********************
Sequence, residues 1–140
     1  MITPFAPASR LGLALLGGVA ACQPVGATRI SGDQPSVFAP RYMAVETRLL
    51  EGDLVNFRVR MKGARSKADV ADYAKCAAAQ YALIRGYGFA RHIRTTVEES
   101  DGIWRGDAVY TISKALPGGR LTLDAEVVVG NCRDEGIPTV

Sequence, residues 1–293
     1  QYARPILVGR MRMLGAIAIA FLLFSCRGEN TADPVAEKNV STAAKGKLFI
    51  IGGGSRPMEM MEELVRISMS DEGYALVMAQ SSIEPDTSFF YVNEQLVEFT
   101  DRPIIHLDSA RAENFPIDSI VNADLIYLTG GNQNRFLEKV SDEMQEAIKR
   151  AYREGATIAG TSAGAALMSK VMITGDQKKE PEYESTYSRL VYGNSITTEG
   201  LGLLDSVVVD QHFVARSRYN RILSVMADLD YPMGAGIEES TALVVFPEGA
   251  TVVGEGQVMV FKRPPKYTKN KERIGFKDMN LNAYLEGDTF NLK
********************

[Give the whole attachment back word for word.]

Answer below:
Sequence, residues 1–140
     1  MITPFAPASR LGLALLGGVA ACQPVGATRI SGDQPSVFAP RYMAVETRLL
    51  EGDLVNFRVR MKGARSKADV ADYAKCAAAQ YALIRGYGFA RHIRTTVEES
   101  DGIWRGDAVY TISKALPGGR LTLDAEVVVG NCRDEGIPTV

Sequence, residues 1–293
     1  QYARPILVGR MRMLGAIAIA FLLFSCRGEN TADPVAEKNV STAAKGKLFI
    51  IGGGSRPMEM MEELVRISMS DEGYALVMAQ SSIEPDTSFF YVNEQLVEFT
   101  DRPIIHLDSA RAENFPIDSI VNADLIYLTG GNQNRFLEKV SDEMQEAIKR
   151  AYREGATIAG TSAGAALMSK VMITGDQKKE PEYESTYSRL VYGNSITTEG
   201  LGLLDSVVVD QHFVARSRYN RILSVMADLD YPMGAGIEES TALVVFPEGA
   251  TVVGEGQVMV FKRPPKYTKN KERIGFKDMN LNAYLEGDTF NLK